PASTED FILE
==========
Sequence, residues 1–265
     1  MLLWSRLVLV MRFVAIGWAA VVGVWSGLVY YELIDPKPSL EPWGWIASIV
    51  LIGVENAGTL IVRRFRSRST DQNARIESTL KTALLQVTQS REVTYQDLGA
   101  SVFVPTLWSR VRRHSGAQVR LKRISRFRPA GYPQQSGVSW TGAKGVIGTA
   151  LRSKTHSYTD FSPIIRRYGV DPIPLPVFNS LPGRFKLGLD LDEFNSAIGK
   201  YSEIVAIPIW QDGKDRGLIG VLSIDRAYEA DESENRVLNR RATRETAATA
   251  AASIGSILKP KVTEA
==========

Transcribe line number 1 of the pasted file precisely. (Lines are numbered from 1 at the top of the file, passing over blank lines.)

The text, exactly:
Sequence, residues 1–265